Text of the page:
Not only are hologram displays a fixture of futuristic movies and TV shows, they're up there with hoverboards and flying cars as some of the most highly coveted imaginary technologies. From the Pepper's Ghost illusion that brought Tupac back from the dead and threw M.I.A. across the world, to the water screen projection that summoned 40-foot models to a Ralph Lauren fashion show, we've seen facsimiles of the hologram projector, but few that come close to the real thing. Thanks to a design company called Bleen, however, a working hologram projector might soon be coming to your living room.
Bleen purports their new device to be "the practical and portable 3D Projection System that works without glasses or the need for any other devices" in their IndieGogo advertisement (watch it below). The promo features happy young professionals working and playing with holographic business apps, DJs, and video games—and even a floating 3D game of Scrabble. Sure, it looks an awful lot like the hologram projector that Leia used to summon her only hope. But is it for real?
For one thing, it isn't vaporware: in a press release, Bleen Inc. CEO Bogdan Shevchuk states that the "ultimate goal is to bring a real consumer product to the market that enables everyone to watch 3D content in spatial quality." Well-known innovators in both holography and filmmaking are part of the San Francisco-based company's team, including Vladmir Titar and IndieGogo verified Oleg Kokhan, lending credibility to their device's scheduled Octover 2015 rollout.
For one thing, the technology Bleen will use to create content for their device appears to be legitimate: captured with hundreds of high-resolution video cameras combined with motion capture reconstruction software using a concept proven by Carnegie-Melon University earlier this year, and which innovators like Kevin Margo are already putting to use in more traditional film settings, movies, sporting events, and performances alike will all be fodder for the Bleen. The holographic display runs on "Bleen OS," according to the specifications section on IndieGogo, and Bleen, Inc has already begun building an app store for their future products, which they project will range from fitness apps through video games and virtual personalities.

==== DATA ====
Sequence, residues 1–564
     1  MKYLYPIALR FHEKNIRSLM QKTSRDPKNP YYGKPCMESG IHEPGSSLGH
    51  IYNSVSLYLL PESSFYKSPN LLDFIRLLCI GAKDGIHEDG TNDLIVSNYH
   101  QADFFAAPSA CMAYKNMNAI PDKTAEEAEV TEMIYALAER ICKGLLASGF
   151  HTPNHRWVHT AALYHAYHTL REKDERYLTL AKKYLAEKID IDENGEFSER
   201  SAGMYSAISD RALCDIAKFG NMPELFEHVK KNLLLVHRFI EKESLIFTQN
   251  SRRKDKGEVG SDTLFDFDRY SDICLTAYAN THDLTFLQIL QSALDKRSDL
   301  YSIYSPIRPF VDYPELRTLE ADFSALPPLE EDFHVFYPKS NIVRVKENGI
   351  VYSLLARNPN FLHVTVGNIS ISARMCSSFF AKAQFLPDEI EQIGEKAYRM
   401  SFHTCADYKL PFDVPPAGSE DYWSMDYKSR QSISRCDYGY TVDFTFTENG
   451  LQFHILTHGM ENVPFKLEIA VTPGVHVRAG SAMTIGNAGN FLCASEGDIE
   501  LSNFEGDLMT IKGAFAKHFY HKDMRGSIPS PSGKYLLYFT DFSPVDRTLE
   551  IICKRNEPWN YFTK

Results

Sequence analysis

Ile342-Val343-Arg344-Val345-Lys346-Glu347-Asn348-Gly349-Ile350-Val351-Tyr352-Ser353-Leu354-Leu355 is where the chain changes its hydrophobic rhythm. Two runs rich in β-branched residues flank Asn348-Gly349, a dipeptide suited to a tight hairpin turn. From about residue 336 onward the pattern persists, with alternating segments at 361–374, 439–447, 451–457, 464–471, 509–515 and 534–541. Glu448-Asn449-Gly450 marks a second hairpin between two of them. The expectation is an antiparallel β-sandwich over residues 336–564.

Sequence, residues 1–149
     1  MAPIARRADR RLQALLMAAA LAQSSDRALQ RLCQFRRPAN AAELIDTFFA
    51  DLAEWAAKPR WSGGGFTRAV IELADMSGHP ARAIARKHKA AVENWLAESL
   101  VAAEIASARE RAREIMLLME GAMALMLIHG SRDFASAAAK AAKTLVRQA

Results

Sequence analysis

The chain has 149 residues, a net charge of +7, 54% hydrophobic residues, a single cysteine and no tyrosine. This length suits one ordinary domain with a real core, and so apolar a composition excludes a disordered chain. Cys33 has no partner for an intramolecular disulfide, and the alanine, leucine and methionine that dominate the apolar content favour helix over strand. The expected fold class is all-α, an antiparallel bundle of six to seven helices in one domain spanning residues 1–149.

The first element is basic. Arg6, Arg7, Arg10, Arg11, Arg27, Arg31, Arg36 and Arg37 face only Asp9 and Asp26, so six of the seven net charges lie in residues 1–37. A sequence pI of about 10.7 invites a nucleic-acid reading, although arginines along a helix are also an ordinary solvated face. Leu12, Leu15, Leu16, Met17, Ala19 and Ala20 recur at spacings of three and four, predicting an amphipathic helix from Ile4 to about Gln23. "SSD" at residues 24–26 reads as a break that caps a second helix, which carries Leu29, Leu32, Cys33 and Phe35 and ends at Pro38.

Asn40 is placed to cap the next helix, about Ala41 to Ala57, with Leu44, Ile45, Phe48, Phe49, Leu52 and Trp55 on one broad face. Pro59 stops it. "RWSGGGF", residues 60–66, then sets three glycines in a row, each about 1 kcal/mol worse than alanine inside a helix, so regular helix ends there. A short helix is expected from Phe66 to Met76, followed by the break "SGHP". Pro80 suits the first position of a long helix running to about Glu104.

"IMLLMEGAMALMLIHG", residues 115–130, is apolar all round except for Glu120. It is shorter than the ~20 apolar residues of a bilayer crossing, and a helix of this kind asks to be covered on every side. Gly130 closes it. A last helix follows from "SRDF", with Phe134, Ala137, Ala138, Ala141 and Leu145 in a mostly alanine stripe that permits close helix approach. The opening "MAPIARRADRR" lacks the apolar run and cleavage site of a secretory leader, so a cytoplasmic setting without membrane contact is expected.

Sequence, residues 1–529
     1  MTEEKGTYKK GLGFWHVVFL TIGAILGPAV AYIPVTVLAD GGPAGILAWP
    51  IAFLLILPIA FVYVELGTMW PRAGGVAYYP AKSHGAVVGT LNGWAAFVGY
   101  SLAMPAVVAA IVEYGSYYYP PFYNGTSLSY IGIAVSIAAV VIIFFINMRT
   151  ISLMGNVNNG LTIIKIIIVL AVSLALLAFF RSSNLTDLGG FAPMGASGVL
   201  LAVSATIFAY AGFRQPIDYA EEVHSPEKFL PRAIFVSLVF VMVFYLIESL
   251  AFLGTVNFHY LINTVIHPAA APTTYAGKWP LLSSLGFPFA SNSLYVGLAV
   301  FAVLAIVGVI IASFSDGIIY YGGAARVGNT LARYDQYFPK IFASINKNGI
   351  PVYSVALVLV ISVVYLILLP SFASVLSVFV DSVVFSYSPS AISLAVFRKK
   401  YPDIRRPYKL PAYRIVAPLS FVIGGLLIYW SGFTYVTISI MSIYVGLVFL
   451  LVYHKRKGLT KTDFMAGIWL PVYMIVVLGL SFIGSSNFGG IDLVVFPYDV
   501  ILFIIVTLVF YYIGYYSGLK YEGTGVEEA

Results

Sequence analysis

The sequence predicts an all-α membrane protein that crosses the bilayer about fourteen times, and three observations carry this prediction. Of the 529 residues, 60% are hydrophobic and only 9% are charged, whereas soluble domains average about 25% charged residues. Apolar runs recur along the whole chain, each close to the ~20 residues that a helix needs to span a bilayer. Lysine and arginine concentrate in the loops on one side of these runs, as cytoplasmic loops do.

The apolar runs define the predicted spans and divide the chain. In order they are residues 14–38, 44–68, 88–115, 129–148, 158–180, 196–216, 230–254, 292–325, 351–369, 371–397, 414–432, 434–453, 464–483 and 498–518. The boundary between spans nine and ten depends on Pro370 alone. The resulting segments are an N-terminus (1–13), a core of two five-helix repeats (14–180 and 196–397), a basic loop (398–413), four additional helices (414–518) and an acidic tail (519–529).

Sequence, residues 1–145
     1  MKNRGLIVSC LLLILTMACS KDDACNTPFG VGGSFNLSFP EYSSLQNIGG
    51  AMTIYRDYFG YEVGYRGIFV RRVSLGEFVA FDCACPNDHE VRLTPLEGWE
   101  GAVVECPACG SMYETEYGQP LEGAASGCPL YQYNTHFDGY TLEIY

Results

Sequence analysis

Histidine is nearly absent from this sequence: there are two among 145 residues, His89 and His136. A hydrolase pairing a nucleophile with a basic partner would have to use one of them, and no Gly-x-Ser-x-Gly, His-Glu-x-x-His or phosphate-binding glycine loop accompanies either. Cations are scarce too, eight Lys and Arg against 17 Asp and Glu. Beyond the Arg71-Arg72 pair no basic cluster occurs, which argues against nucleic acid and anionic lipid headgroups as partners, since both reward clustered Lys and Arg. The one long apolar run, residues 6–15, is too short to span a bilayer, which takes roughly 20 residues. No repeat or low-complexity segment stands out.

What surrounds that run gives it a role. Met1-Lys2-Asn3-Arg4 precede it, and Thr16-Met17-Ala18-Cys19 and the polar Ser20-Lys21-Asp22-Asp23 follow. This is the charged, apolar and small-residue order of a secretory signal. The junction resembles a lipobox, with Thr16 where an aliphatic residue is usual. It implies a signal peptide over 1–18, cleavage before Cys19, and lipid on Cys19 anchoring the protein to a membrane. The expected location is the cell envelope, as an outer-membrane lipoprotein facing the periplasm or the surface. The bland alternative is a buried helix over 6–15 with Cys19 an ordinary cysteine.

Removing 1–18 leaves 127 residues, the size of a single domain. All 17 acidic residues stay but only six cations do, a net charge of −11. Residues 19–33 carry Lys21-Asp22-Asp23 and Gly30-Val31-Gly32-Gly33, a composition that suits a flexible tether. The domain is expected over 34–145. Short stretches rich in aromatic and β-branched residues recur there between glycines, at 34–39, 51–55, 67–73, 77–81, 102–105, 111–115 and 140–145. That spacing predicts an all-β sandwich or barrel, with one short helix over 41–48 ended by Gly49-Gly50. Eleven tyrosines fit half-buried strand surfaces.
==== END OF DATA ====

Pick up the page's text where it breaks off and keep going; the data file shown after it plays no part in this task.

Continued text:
For their actual projection process, a combination of fast-pulsed lasers, illumination, and a projection lens with a metasurface provide Bleen's answer to Hatsune Miku's plastic projection surface and Jason Akira Somma's holographic mist. While we haven't seen an actual demonstration of the spatialized projector at work, these technologies aren't just conceptual: scientific researchers working in holography have vetted each moving part that comprises the Bleen. In addition, the aesthetics of Bleen's two models have been carefully thought out. "The devices are pieces of art," the company writes in the IndieGogo's FAQ. "Bleen Birth was inspired by sculptor Jeff Koons. Bleen Rock was inspired by paintings of Sarah Morris."
There's only one thing to consider before dropping the $225 donation needed to reserve your own copy: a disclaimer in Bleen's legal section reads, "Bleen disclaims all warranties, expressed or implied, including any warranties of accuracy, non-infringement, merchantability and fitness for a specific purpose." But this same sort of disclaimer, present on websites including CNN and Encyclopædia Britannica, hasn't stopped a hundred IndieGogo apostles from hopping on the holographic bandwagon, giving bleen a Bleen $19,330 headstart towards their $225,000 goal.
Last week we finally got the hoverboard we've always wanted, and maybe we'll have a virtual Marty McFly to go with it soon. Oleg Kokhan said in the press release, "We want to unite ideas that are presented only in science fiction with technologies from leading backrooms to bring the market an advanced product that is second to none." We're excited to see whether Bleen turns out to be science fiction or science fact, and as of right now, it looks like flying cars just moved to the bottom of our holiday wish list.